, Volume 33, Issue 1, pp 27–37 | Cite as

DoGood: examining gamification, civic engagement, and collective intelligence

  • Sebastian Rehm
  • Marcus FothEmail author
  • Peta Mitchell
Original Article


The mobile internet provides new and easier ways for people to organise themselves, raise issues, take action, and interact with their city. However, lack of information or motivation often prevents citizens from regularly contributing to the common good. In this paper, we present DoGood, a mobile app that aims at motivating citizens to join civic activities in their local community. Our study asks to what extent gamification can motivate users to participate in civic activities. The term civic activity is not yet well defined, so we collect activities citizens consider to be civic to work towards a broadly accepted definition of the term. The DoGood app uses gamified elements that we studied to gauge their role in encouraging citizens to submit and promote their civic activities as well as to join the activities of others. DoGood was implemented and deployed to citizens in a five-week-long user study. The app succeeded in motivating most of its users to do more civic activities, and its gamified elements were well received.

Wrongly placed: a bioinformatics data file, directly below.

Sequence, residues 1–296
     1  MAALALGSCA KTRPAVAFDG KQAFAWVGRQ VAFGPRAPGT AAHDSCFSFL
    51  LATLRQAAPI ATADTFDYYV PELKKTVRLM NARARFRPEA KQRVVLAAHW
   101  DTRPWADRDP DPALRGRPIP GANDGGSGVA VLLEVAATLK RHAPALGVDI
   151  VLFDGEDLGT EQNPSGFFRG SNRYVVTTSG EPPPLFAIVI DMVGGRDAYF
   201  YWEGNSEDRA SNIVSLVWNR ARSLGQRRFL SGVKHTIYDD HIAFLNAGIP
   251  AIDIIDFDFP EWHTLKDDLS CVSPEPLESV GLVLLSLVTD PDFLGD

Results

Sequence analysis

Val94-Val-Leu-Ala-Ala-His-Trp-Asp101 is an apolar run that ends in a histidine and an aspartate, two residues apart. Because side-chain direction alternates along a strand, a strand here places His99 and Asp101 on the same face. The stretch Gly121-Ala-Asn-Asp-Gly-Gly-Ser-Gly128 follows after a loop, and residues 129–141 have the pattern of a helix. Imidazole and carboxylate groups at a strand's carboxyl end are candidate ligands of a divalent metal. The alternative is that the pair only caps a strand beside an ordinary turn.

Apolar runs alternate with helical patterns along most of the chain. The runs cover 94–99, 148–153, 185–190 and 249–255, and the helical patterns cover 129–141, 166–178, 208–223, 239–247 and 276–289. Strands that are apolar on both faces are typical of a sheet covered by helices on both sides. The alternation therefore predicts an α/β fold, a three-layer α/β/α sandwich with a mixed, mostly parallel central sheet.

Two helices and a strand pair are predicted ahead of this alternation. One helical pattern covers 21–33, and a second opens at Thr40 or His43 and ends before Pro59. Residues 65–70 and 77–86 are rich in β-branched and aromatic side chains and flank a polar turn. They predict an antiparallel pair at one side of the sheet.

The authors would like to thank our study participants for their time and contribution, as well as Prof. Heinrich Hußmann (LMU), Florian Gall (CDTM) and Stefan Nothelfer (CDTM) for valuable feedback, advice and support.


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Copyright information

© Springer-Verlag London 2017

Authors and Affiliations

  1. 1.QUT Design Lab, Creative Industries FacultyQueensland University of TechnologyBrisbaneAustralia

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